The most common sledgehammer design is a long handle with a solid mass of heavy material as the head. Due to the natural weight of the hammerhead, it can smash any building material with ease.
Much like its standard-sized cousin, the sledgehammer has different kinds of hammers for a variety of professional uses. Remember to use these powerful tools with care. Correct safety measures can ensure a long work life as a tradie without injuries.
The precision sledgehammer needs no introduction from the mortal man! The long wooden handle and hulking head allow for significant impact force when you use it.
A full swing can destroy rocks, wood, masonry, and plaster walls in less time you need to think. For meticulous work, use it to drive fences to the Earth!
Any stonemason will tell you that the setting hammer is the best mate for the sledgehammer. Its primary job is to split natural hard stone where blunt ends are not advisable.
The setting hammer’s physical features are unique among long hammers. It has a long handle and a one-sided head with a pointed end similar to a chisel.
It works similar to a chisel. Set it down on the stone surface and a sledgehammer will smash on its blunt end, splitting the stone.
Stone sledgehammers are still the mechanical smashers that they are. The only difference is a smaller head. This design is essential for its use: devastating rock and concrete.
The smaller head creates a denser hit without dissipating. This results to a concentrated point of impact, rather than a wide smash.
It lacks precision, but for brute force? It does the job right.
The blacksmith’s sledgehammer is the oldest and bulkiest of all three sledge types. The smithing sledgehammer looks a lot like the standard version. The difference is its wider blunt ends and long handles.
Among all hammer types, smiths use this for shaping hot iron like swords and blades. Two people cooperate in such an operation.
The first person will use a pair of tongs and a smaller hammer for precision. The other will use brute force to shape and straighten the billet.
Mallets are the outlier when it comes to types of hammers and their uses. The standard design is a round head that is far larger than any previous type.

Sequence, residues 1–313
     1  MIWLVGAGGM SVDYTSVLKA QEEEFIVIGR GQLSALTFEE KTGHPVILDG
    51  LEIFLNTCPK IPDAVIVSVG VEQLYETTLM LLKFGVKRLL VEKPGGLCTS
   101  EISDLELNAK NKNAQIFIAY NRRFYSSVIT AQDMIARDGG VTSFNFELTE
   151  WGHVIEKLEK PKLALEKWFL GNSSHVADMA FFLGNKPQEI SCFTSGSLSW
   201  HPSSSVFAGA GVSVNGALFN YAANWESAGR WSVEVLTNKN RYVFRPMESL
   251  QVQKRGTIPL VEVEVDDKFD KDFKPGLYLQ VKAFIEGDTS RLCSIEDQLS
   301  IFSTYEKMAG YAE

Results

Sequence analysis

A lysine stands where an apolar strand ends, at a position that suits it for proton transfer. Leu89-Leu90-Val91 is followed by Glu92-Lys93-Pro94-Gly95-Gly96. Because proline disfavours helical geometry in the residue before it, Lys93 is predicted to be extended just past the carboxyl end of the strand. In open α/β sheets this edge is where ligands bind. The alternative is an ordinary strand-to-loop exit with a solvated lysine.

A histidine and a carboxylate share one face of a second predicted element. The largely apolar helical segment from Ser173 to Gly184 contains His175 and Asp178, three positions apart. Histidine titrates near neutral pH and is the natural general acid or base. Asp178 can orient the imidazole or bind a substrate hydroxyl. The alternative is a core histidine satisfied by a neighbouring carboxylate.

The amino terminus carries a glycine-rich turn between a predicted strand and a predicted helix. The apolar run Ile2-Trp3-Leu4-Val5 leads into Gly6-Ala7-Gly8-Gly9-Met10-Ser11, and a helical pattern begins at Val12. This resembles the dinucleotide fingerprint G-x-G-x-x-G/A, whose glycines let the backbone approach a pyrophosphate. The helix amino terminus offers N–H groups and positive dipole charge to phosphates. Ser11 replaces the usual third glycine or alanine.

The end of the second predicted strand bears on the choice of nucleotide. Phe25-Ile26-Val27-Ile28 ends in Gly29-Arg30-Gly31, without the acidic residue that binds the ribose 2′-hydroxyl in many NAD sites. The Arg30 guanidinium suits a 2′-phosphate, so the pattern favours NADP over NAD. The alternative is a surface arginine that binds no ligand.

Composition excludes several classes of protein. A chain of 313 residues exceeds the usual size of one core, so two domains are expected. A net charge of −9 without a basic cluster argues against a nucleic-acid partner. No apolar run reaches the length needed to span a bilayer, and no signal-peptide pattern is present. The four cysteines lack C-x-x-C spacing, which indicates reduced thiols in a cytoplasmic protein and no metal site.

Unlike its distant cousins, the mallet’s head is not dense. The materials used for these different kinds of hammers include wood and plastic. The overall surface area is broad and soft, allowing for lesser impact damage.
Rubber mallets are the standard for this hammer type. It comprises of soft rubber or plastic on the head for soft but firm hits.
These mallets are useful for woodworkers with their chisel work. Upholstery workers and sheet metal workers also benefit from the lower impact force. The soft blows put the material into place without deep hits.
Dead Blow Hammers
The dead blow hammer is a useful all-rounder mallet. It’s used by mechanics and a lot of tradies that need limited damage to a surface. It’s small, with a tiny mallet head with two flat ends.
When working on a car with cramped spaces, it provides as much force as possible without much recoil.
The Best Types of Hammers Only for the Pros
For tradies, knowing the different types of hammers and their uses is crucial work. Pros should know the right hammer for the right job. You need high-quality tools that go beyond what the general handyman uses.
Consummate professionals put their trust at Canberra Diamond Blade Suppliers for all their tools. We have heavy duty types of hammers from trusted brands and more!
We’re not your run of the mill generalist hardware store. We’re the ones the experts come to when they need to make sure the tools do the job.
Let Canberra Diamond Blade Suppliers equip you with the best.
Never hesitate to talk to us. You know you’re the best, so you only need to arm yourself with the best. Come to us at CDBS.